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Tefere Gebre came to the United States in 1984 as a teenager. He and four friends had left their home in war-torn Ethiopia and walked nearly 500 miles across the desert to a refugee camp in Sudan.

When it comes to appreciating educators, please heed an old expression: Walk the walk, don’t just talk the talk.

Working people are taking fewer vacation days and working more. That's the top finding in a new national survey, conducted by polling firm Greenberg Quinlan Rosner Research for the AFL-CIO in collaboration with the Economic Policy Institute and the Labor Project for Working Families. In the survey, the majority of America's working people credit labor unions for many of the benefits they receive.

As Hurricane Harvey and its remnants bring unprecedented flooding and damage to a huge portion of Texas, working people in the state are going above and beyond their duties to help one another.

In January, I was invited to serve on President Donald Trump’s manufacturing council, along with my boss, AFL-CIO President Richard Trumka. At the time, I was deputy chief of staff at the AFL-CIO (the largest federation of trade unions in America) and a spokesperson for the organization on trade, manufacturing, and economic policy. President Trumka and I agreed to serve because we believed — and still do — that working people should have a voice in crucial government decisions affecting their jobs, their lives, and their families.

On Tuesday, President Donald Trump stood in the lobby of his tower on Fifth Avenue in Manhattan and again made excuses for bigotry and terrorism, effectively repudiating the remarks his staff wrote a day earlier in response to the white supremacist violence in Charlottesville, Va.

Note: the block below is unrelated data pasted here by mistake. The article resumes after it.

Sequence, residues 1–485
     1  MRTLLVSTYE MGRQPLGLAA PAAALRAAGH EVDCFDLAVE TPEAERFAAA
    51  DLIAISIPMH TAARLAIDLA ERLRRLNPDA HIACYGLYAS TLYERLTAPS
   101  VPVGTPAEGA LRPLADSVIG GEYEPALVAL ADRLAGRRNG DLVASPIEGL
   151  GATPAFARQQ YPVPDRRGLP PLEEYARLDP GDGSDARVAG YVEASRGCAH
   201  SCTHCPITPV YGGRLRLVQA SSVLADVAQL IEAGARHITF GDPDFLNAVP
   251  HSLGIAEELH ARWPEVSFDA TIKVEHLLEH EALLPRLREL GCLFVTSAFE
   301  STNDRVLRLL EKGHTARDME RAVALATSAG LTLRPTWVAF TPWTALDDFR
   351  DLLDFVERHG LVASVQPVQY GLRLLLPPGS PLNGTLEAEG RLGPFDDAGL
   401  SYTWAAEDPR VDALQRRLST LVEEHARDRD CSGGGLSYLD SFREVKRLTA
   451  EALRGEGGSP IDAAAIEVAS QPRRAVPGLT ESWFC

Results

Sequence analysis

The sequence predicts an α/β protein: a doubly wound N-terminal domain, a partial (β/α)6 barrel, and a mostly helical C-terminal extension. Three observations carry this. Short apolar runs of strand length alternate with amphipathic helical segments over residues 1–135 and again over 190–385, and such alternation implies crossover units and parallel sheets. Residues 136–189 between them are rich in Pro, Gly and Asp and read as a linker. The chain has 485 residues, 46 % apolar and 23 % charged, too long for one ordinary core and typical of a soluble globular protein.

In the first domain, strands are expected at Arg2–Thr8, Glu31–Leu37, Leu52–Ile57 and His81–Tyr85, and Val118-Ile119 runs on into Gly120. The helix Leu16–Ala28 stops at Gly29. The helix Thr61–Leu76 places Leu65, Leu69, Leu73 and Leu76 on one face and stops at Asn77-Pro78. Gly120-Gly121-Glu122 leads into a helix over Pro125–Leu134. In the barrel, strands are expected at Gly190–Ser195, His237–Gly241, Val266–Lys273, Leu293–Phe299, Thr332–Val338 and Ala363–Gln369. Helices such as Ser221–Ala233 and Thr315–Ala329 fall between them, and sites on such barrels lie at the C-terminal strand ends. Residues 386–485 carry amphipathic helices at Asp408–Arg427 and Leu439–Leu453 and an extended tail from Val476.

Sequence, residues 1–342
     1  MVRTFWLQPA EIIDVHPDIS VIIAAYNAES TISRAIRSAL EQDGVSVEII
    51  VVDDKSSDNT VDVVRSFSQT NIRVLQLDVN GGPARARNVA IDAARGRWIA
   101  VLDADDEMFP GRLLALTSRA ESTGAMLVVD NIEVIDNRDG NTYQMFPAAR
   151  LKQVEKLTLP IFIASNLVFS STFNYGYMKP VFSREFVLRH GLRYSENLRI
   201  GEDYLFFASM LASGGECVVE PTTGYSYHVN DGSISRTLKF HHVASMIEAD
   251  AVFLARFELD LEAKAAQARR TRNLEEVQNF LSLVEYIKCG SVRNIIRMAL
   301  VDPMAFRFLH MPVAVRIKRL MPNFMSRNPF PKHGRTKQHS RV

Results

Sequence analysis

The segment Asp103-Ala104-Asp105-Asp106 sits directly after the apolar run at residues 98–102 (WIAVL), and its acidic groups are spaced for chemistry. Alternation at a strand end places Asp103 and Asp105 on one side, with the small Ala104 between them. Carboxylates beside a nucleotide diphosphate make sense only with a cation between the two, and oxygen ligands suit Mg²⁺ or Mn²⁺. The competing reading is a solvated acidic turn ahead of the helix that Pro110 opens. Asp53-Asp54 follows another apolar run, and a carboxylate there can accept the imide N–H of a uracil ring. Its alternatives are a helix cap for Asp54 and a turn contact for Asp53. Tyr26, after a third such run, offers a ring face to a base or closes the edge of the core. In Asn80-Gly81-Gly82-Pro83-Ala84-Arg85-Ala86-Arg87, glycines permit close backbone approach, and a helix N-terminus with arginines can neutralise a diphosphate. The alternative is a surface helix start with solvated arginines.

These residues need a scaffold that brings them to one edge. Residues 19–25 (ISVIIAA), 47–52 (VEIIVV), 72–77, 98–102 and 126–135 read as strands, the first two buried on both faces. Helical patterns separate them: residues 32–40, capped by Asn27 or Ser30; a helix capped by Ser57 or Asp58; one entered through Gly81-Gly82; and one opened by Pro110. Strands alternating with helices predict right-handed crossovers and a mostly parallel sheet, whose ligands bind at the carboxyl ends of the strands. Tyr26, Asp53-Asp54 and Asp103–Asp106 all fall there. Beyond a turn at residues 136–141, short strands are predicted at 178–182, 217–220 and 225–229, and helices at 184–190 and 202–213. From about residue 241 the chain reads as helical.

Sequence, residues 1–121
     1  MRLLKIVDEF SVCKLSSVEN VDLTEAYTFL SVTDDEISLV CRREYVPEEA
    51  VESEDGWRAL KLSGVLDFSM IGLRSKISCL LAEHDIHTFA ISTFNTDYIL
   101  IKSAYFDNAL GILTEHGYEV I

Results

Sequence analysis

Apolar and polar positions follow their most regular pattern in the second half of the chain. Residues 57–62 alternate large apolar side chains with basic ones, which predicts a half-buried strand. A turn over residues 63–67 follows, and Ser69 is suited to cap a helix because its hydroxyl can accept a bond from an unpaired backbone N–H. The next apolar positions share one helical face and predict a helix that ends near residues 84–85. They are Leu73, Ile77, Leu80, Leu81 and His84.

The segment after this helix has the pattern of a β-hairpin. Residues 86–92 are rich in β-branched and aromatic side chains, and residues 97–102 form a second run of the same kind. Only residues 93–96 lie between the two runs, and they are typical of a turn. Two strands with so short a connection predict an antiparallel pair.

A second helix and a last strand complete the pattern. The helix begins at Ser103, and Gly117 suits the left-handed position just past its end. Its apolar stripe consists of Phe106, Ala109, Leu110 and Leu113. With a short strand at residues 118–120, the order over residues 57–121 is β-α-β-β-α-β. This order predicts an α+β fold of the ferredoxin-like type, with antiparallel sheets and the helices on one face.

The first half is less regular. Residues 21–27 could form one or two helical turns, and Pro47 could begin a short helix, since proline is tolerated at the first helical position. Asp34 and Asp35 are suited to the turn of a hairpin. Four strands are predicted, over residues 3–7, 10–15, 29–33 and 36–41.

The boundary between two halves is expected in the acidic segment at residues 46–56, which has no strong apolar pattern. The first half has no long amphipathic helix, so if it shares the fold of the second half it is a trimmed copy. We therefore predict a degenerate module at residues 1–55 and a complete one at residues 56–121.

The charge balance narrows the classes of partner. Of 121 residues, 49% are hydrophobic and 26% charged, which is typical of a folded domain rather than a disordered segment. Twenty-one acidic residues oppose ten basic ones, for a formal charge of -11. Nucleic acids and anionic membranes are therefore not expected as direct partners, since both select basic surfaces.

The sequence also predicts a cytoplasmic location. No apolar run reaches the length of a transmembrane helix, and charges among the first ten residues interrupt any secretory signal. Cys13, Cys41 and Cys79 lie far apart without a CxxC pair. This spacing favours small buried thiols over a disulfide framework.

Sheet metal worker and 9/11 first responder Joe Rabito takes 14 medications a day so he can breathe. Joe was one of the tens of thousands of first responders in New York City who went out to help survivors of the World Trade Center attacks.

These people, many of them union members, are still feeling the physical and mental long-term health effects from the work they did as first responders. 

This is why the Zadroga Act, which provides permanent health care and compensation to 9/11 survivors and first responders, is so important. 

Based on exit poll data for the 2012 election, over 70% of African American women voted in the election, 65.6% of white women, 62.6% percent of white men and 61.4% of African American men voted in the same election. “The reason why Black women made the difference is because we bring our entire household to the polls with us” said Carmen Berkley, director of Civil, Human and Woman’s Rights, AFL-CIO. “An investment in Black women is an investment in a number of different people within a particular household.”
AFL-CIO president, Richard Trumka, published a new column on Huffington Post. He writes how Hillary roots for working people and why working people are championing her in tonight's presidential debate.

“Women are more activist than men,” said AFL-CIO Secretary-Treasurer Liz Shuler, “and understand that Clinton supports collective bargaining, raising the minimum wage and paid time off for illness and family care.” This year the AFL-CIO is targeting women as an individual voting group for the first time in a presidential race. Earlier this month 15,000 women, three times as many as expected, joined a conference call Shuler led to discuss strategies for convincing coworkers and relatives to vote for Clinton.